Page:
In our last column we discussed how the styling of the Apple Watch — including the design of the watch unit as well as the strap — is a clear-cut strength of the imminent Apple Watch and an almost unanimous plus in favor of owning one. Another plus is the Apple Watch innovative touch screen and Taptic Engine, which touches you back. Both of these features stand above the rest of the monotonous smartwatch field which sees the same copy and paste style devices constantly being released. As for one of the biggest downsides, we talked about the Apple Watch pricing which has yet to be officially confirmed, but is estimated to be around $550 for the standard version. That seems awfully pricey to us.
Continuing that theme, we’re going to talk about some more pros and cons of the Apple Watch.
Apple Watch Con: Do You Really Want To Wear A Device On Your Wrist All Day Long?
There isn’t much evidence to suggest that there is a huge demand for wearable devices. It is pretty ironic that when the smartphone came around, people began abandoning their standard wristwatches in droves. Freed from the watchband and the accompanying sweaty wrist underneath, the smartphone represented a rejection of wearable technology.
The irony is that now Apple is asking you to strap a device onto your wrist just a scant few years after convincing you to take a device off your wrist. It’s entirely possible that strapping a device on is a 20th-century concept that simply won’t work anymore in the digital age. Nobody really knows for sure. It is also possible that a wrist wearables will turn out to be a step backwards for technology in general.
Nick Hunn, the CTO of WiFore Consulting and expert in wireless technology, says that the future belongs to devices which would be placed in the ear. He calls them “hearables”. In the recent movie “Her,” which is supposed to be set sometime in the near future, everyone has a little device in their ear, and through voice recognition technology, they can accomplish all their computing and communications tasks simply by saying commands out loud. That sure seems a lot easier than touching and poking a tiny wrist device all day long.
Apple Watch Pro: Some Great Apps Are Coming
The one way Apple will get people wanting and buying an Apple Watch right away is if they have some new and exciting “must-have” apps that run on it. And we think Apple is holding their cards close to the vest on some apps that they’re not telling us about yet, in order to build the frenzy when the device is launched. But already, there are some awfully impressive apps lined up.
Although health tracking and monitoring features are commonplace in the wearable market, Apple’s HealthKit may be the most advanced of them all. If Apple manages to secure partnerships with major health providers and institutions, the Apple Watch may develop into the must-have device for anyone in a chronic care situation. If so, then HealthKit will become the “killer app” that will make the Apple Watch as ubiquitous as cable TV service.
When looking beyond HealthKit — and beyond the nameless sea of apps that we know will come — the Apple Watch tantalizes with some very exciting applications. Apple CEO Tim Cook recently hinted that Apple is working closely with several automakers — there have been rumors for some time that Apple will itself get into the car business. But in terms of the Apple Watch, the auto partnerships mean that we can expect the Apple Watch to replace car keys and those unwieldy fobs that automakers provide to enter and start your vehicle.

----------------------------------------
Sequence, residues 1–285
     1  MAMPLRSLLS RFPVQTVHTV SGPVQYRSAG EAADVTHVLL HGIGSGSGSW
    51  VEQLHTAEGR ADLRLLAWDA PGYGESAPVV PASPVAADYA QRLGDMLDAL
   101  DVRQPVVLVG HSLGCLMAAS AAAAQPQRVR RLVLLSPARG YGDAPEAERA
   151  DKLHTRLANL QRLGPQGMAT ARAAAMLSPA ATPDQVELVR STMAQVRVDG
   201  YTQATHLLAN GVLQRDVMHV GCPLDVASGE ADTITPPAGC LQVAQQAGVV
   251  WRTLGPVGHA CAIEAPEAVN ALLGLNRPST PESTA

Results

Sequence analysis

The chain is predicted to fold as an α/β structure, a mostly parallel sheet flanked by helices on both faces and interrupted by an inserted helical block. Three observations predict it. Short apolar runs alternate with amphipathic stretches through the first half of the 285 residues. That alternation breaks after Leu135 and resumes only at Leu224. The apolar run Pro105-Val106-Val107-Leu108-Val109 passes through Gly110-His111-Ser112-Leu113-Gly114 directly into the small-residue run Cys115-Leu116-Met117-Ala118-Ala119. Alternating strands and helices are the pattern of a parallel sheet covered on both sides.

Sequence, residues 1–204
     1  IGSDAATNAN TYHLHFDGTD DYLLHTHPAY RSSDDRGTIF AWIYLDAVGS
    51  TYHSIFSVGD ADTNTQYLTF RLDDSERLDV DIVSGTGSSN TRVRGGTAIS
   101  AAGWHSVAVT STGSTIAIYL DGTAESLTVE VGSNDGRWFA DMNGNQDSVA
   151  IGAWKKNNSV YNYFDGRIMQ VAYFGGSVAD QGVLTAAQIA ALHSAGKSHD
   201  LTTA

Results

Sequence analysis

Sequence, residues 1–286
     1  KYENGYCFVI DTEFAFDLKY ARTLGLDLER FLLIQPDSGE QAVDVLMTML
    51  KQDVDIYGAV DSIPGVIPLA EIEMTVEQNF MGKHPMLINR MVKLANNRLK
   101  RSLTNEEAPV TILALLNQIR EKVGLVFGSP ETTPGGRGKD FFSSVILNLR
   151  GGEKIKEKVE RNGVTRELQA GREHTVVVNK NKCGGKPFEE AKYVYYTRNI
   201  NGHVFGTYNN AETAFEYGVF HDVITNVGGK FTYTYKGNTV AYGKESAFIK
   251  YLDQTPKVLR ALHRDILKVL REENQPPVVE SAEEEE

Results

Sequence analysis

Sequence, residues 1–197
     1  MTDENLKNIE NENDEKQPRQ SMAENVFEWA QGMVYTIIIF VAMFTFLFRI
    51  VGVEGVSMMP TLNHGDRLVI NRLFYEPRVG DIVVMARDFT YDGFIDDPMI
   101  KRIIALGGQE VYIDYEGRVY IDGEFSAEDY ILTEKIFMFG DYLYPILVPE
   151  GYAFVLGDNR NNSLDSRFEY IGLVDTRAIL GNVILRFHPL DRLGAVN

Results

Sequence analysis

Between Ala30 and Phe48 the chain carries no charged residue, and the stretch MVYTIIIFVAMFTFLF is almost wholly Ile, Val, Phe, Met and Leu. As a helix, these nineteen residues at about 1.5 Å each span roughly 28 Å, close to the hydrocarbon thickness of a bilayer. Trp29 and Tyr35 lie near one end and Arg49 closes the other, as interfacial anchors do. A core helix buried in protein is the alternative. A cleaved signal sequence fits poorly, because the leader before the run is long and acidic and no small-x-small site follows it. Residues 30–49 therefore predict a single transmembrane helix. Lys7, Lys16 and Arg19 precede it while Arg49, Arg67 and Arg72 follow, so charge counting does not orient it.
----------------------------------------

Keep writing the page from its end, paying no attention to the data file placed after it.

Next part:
Of course, Apple Pay will mean that the Apple Watch will serve as a credit or debit card in order to make transactions. Depending on the partnerships Apple makes with major retailers, this could turn into a real game-changing app. Apple promises the system will be ultra-safe, safer than your actual cards, and will respect users’ privacy. This is one occasion when the wearable format is a real advantage — it’s much easier to swipe a wrist device than it is to pull out your smartphone to do the same thing.
Apple Watch Con: Battery Life May Be Sketchy
As long as we’ve been talking about the Apple Watch, the device’s battery life has presented itself as an issue, and there’s no evidence that this issue has been fully resolved. Apple keeps on saying that the device should only “need” to be charged once a day. And yet reports continue that the Apple watch battery will only last 2.5 hours during heavy use. Even under so-called “standard” use, reports have said that its battery life will only hold out for 3.5 hours.
To be fair, Apple says the battery can last three days on standby and four days when it’s in sleeping mode. But if you’re springing over $500 for a device, who wouldn’t want to be playing with it all day long? There’s been lots of to and fro on this issue, and we can only hope that the delay in the release of the Apple Watch has been a result of the company somehow finding a way to increase its battery life.
A device may have crazy-good apps and functions, but if the damn thing’s always out of juice then it’s not much good to you.
Are you still on the fence with the Apple Watch? Which pro is the reason you’re going to buy one? Adversely, what’s the biggest con holding you back from doing so?